“You’ve got to admit, the Bible is sexist,” is a variation of argumentation I have heard many times over the past few years for why Christianity is outdated and discriminatory. For so long, I have not known what to say in response to this phrase.
It’s something I knew wasn’t true, but I wasn’t sure how to put my feelings into words. I wasn’t sure where to turn. I retreated to sending videos of other pastors explaining the points I couldn’t quite get out of my mouth.
It wasn’t until I was in premarital counseling, chatting about my and Austin’s varying roles in our marriage that I started to consider how freeing and empowering it is to be a woman in the context of the Bible. You see, for years, I knew mostly how Scripture had been used out of context to hurt people. I knew that women weren’t supposed to do certain things. I knew that the Bible talked mostly to men, but I didn’t know why.
I didn’t see that the roles God created for men and women were perfect in their correct context. I didn’t see that it was the sin that caused sexism to take over.
Over the next few weeks, you and I will ask questions about Biblical womanhood through the lens of women God used to write His story. We will answer the questions the world wants to know:
What is really the difference between men and woman?
Is the Bible sexist?
Were men in the Bible sexist?
Do women really have to submit?
What is my role as a woman as a wife? a daughter? What about when I am single?
You see, from the beginning of time, womanhood has been skewed.
Take Eve for example. Satan first went to her because He saw her as weak. He knew that God had first entrusted Adam with the information of which tree was off limits. He chose to play her.
And she fell for it. She fell for the lie that something besides God could give her power. Something in this world could strengthen her more than her Father could.
And her husband stood beside her and neglected his responsibility by refusing to step in. He wanted that power too. He wanted to lift himself more than he wanted to protect his wife.
This was the beginning of a very screwed up relationship between men and women and this world and how we feel about God.
And with that sin–that lust after power–came punishment that kept our relationships broken. “Her desire will be for her husband and he will rule over her.” This verse is disputed and argued over, but its point remains clear:
A brokenness was brought into relationships between men and women.
The roles were created as one. They still are one. Man is no better than woman. Woman is no better than man. God created male and female in His own image. Each has its own role. Each has its own meaning. Each was created with equal importance in the world, the Church, and the Kingdom of God. According to John Piper, this implies “equality of personhood, equality of dignity, mutual respect, harmony, complementarity, and a unified destiny.”
So over the next four weeks, we will explore these relationships in more detail. We will learn about how to function as a woman in this broken world. We will focus on what it means to embrace Biblical Womanhood as beloved daughters of Jesus through the eyes of the following women:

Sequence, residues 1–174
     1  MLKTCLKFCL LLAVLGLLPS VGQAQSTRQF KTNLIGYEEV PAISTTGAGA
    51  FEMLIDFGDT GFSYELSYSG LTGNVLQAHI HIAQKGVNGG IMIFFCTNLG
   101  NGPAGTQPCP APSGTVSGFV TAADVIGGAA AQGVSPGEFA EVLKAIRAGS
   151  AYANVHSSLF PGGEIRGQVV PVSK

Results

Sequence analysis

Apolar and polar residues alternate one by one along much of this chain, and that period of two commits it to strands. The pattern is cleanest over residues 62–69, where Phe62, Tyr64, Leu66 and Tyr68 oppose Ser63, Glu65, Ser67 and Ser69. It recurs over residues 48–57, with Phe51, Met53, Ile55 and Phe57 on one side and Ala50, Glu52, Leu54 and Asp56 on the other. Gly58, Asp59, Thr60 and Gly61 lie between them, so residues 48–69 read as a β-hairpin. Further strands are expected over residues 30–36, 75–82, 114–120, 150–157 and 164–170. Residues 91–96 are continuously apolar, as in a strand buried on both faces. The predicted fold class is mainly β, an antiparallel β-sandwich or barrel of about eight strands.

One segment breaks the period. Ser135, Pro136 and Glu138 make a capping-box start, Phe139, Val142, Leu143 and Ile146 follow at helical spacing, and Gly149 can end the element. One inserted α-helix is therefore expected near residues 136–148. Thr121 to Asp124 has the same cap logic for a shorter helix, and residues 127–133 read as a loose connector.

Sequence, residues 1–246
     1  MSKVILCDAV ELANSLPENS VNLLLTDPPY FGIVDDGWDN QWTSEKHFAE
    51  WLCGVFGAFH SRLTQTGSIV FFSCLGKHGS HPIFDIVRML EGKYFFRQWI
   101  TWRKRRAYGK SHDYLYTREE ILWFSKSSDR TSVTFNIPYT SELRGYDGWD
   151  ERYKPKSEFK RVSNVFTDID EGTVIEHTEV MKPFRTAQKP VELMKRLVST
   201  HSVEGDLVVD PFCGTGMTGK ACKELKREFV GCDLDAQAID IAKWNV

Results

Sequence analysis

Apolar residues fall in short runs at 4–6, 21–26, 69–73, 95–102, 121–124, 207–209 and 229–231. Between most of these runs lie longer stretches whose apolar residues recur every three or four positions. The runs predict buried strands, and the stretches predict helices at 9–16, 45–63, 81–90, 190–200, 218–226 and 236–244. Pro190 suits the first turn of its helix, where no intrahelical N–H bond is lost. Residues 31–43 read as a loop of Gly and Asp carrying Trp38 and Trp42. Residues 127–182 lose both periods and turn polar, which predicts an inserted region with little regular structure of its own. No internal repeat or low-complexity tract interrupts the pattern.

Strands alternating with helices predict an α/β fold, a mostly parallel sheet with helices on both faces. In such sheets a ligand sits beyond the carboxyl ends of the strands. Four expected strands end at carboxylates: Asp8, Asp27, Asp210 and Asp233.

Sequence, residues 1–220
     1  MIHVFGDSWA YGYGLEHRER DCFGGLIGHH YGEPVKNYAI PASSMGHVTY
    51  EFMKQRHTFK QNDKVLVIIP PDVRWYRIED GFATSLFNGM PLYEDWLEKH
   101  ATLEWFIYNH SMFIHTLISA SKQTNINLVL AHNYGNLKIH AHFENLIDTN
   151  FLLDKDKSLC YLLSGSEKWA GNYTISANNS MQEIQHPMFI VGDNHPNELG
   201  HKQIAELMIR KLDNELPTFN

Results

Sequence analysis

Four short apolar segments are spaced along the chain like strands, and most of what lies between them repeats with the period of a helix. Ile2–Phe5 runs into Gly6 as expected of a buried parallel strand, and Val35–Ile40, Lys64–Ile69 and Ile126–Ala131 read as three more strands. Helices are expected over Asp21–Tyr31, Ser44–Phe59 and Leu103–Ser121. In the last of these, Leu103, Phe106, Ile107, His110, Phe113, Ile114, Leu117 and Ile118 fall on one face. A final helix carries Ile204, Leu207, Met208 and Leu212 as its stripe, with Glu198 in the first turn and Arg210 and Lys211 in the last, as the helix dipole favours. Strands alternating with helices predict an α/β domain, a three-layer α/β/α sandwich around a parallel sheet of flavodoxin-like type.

Hannah: Womanhood is staying constant in faith despite the failings of our leaders.
Mary: Womanhood is fearless submission in its correct context (We will discuss what submission is and what it is not this week).
Martha and Mary: Womanhood is knowing when to work and when to sit.
Mary Magdelin: Womanhood is boldness and strength for the sake of Christ’s Cross.
All these women have a few things in common. 1) Most of their names were Mary. Hah. 2) They all were sinners and had weaknesses. 3) They were all let down by men. 4) They all let men down. 5) They all needed to be redeemed by someone stronger than them.
But guess what? That man was not a husband or a father or a boss. That man was Jesus. That man was the ultimate picture of submission. The story of the Bible is a beautiful story, my sister. The daughter’s story is a story of strength beyond her own ability. The daughter of Christ is unique in her ability. She is strong where her brother is weak.
And the story of the brother is that he is strong where his sister is weak.
God gave us uniqueness. He gave us strengths. No strength is better of another. If you will stick around for the next four weeks, I would love to break that down for your heart. Maybe you still think, “The Bible is sexist”. Maybe you think, “There’s no such thing as sexism”.
I want to convince you that both of those “truths” are lies.
I want to show you the better story Christ has written for us daughters than the story that the world prescribes for us.
To make sure you stay around for this study, do me a favor. If you are on your phone, scroll down until you see a box that says “Follow Blog Via Email” and stick your email in. If you are on a desktop, look to the right of your screen for the same box and enter your email. Share this post so that your friends and family can join this conversation.
It is one we are often afraid to engage in.
It is one that I am often afraid to engage in.
It is one that Christians have to partake in to live in the full blessings of grace God gives us here on earth.
It is a hard conversation.
It is a freeing conversation.